The Evolution of the Sounder

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This was the original idea, the summer of 2010.  A piece of mahogany with a slot for the ipad, and two scoops top and bottom:  the top scoop to reach the home button, and the bottom scoop to fit on a tummy.  The ipad is plugged into the Bose Wave Radio.  Inserting the ipad into the slot, I wondered if the speakers could be heard through a porthole.

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So, a couple months later, another piece of mahogany with slot and a cylindrical hole.  The slot intersects the hole under the ipad speakers.  This sounded pretty good.   I made four, sold one for $25.   I showed it to a few people, and one said I’d get a better impedance match using a megaphone.  I wasn’t sure what that meant, even after reading up on impedance, but I trusted his expertise. I started to study exponential horns and horns of all kinds.    This led to the next versions.

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This is made of three layers of pine.  The center layer has a cutout of an exponential horn, canted with respect to the front so the opening is centered.  The top and bottom is scooped out as earlier, for the same reasons.  This sounded better than the porthole version.  A more open, fuller sound.

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This version does have the advantage of working in landscape, “theater” mode.  I thought I could do better:

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Here the wood is maple, and the center layer has a folded exponential horn.  The result was terrible.  Possibly the opening to the speakers was too small, or the labyrinth too constrained, but the sound was muffled.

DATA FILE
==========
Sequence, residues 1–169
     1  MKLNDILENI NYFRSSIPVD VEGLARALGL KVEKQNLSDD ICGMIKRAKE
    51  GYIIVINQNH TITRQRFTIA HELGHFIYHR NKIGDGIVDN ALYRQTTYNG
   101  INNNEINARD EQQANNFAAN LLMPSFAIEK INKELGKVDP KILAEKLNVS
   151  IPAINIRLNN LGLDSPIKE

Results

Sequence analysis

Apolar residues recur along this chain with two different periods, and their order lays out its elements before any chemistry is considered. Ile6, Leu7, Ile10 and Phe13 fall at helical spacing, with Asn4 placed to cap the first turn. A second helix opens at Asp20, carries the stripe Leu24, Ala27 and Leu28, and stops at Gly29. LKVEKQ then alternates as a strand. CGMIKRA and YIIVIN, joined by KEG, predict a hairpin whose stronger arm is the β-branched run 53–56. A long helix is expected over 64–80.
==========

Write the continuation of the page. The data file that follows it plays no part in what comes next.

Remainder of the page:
I wanted a one-piece construction that sounded great.   The megaphone idea was worth pursuing.  Why a full megaphone?  Wouldn’t a section do?

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A first experiment with cutting cones.  The speakers feed the cone, and the plug gives the sound something to push against.   The results were very promising.  These produced the most natural sound yet.

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The first FinkPad.   The megaphone is fed by a short pipe from the ipad speakers.  The desktop or tabletop serves to close the horn.  The pad is tilted back to send the sound up.  This was a tiny, tiny, quieter than the first horn, but the quality of the sound was better.  My audiophile friend remarked, “It’s like going from monaural to stereo!”  A 5db gain from holding the ipad in your hand.  Room-filling sound.

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This worked well, but I refined the design so it is easier to manufacture and looks better.

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The production version of the FinkPad.  This version has a slot that works for the iphone speaker and microphone, so the iphone can be used as a hands-free speakerphone.
I now call it the Sounder.

You can purchase a Sounder at www.etsy.com/shop/finkh

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